Kuching is a bustling city on the banks of the Sarawak River on the island of Borneo. There are tourists inevitably, but it’s off the beaten track enough to be exotic and not like anywhere else, making it an interesting city to explore. You will find plenty of unique shops, cafes and restaurants (unique apart from a branch of that nasty virulent golden arch chain) and there is big bargain department store (go here especially if you are in need of a new rucksack for the rain forest).
The bench-lined river promenade is a great place to start sightseeing or to sit and watch the colourful boats. I was lucky enough to chance upon the annual regatta. There are long sunset river cruises culminating in a show performed by exquisite traditional dancers. People squealed as a small crocodile swam along the surface close to the boat. If you feel up to braving a smaller (infinitely more capsizable) boat and forget about the aforementioned crocodile there are short expedient rides to take you across to the grassy residential shores of the opposite bank, the site of the Astana, the residence of the Sarawak governor built by a certain Charles Brooke in 1869 and where via loud speakers there is sermonising on the word of the prophet Mohammed.
A Singaporean friend had recommended that I try the local delicacy ‘midin’, an edible jungle fern native to Sarawak and I found it in the cafe ‘Zhun San Yen’ near the river. After having the delicious samphire-like vegetable along with lots of other delicious dishes at this cafe run by Bhuddists I became a semi-regular (bolstered by my calamity of forgetting to take any money on my second lunch and the owners being totally cool with me bringing it when I came down later). All the dishes are vegetarian, some using the traditional Chinese style of cooking with faux meats and they are all delicious. The self service buffet is charged by weight (economical and handy for the budget conscious) and the staff are charming.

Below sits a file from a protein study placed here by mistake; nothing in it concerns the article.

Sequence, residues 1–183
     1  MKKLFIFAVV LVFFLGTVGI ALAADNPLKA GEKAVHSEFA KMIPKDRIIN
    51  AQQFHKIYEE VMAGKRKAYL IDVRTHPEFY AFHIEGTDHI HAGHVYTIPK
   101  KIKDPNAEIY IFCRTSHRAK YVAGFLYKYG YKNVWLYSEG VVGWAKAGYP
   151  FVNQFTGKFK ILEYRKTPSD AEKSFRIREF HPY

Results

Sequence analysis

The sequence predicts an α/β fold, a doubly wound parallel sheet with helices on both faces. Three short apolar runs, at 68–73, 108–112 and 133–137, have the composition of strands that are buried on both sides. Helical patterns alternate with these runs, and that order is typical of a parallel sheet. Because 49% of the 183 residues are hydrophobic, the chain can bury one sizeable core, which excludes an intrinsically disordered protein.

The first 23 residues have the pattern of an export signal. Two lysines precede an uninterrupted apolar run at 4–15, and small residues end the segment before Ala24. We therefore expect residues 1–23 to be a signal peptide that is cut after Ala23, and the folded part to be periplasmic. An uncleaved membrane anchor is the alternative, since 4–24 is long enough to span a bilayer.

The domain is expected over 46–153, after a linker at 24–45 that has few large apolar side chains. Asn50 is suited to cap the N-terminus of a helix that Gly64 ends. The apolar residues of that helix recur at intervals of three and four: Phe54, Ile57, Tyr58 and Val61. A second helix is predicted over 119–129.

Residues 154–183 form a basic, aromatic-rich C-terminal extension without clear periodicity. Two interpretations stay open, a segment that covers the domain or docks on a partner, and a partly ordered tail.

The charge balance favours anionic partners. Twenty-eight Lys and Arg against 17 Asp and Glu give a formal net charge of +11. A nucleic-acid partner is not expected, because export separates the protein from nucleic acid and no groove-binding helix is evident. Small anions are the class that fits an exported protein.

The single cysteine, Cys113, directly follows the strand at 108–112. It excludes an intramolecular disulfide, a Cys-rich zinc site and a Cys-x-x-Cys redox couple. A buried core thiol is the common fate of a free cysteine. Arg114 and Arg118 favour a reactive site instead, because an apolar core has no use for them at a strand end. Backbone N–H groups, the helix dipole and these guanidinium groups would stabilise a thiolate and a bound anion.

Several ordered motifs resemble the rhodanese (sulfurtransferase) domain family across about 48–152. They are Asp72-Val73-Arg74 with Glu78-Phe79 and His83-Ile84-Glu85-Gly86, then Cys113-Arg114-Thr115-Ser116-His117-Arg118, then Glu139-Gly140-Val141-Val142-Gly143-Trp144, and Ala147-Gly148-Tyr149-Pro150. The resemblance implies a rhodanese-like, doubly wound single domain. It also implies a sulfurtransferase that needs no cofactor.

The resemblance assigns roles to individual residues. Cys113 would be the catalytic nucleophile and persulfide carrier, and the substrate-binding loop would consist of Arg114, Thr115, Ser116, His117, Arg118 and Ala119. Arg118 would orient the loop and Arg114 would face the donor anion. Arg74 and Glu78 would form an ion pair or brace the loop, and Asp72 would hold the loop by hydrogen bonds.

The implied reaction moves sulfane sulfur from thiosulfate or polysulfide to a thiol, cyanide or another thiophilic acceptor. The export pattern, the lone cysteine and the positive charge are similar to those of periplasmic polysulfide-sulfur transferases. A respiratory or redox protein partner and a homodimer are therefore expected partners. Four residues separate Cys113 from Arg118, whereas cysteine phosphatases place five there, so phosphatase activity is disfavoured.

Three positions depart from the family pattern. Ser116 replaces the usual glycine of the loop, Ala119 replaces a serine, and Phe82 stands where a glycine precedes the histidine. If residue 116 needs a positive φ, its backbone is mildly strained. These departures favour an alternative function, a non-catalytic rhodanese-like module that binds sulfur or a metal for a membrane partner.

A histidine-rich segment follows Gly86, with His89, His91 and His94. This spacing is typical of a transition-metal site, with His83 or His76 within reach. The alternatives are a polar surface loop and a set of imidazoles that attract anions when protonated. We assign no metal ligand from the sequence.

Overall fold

Away from the river the town is a busy hive of streets. Apparently it’s uncertain whether the word ‘Kuching’ derives from the Malay word for cat ‘kucin’ or from the Chinese word for port ‘cochin’ but there are numerous cat statues and even a cat museum (I know where I’d put my money). Around town there are lots of interesting buildings, temples both Chinese and Indian and a magnificent mosque as well as a colourful dragon-filled Chinatown.
The breathtakingly beautiful Reservoir Park was a spectacular find. Take the opposite direction from river, setting out from the Pullman hotel and a twenty minute or so stroll from the city centre (anyway you’ll need a map but they are easy to come across)…
At night the river esplanade seems to be the real heart of the city, it’s full of people taking the air, strolling or sitting at the food stalls. However; if you find exploring the city on foot thirsty work and want something a little stronger there are places around that serve cocktails, beers and wines. Larger hotels and some cafes and restaurants sell alcohol, but not all of them, this being a muslim country. My Rough Guide recommended a ‘lifestyle bar’ called ‘Tao’ on Jalan Padungan. After an walk around streets filled with little shops selling hardware and tiny restaurants selling Indian or Malay food, amongst the hustle and bustle of city life, people sitting at the front of their shops enjoying the cooler balmy nights. I found the address, now called 175 it was a really cool place; friendly staff, healthy food with vegetarian choices and smoothies but cocktails and wine and beers too; music, sofas, a couple of floors and discrete areas and best of all a free fish pedicure for every customer while they sip their drinks.
Next: Iban longhouses and crocodiles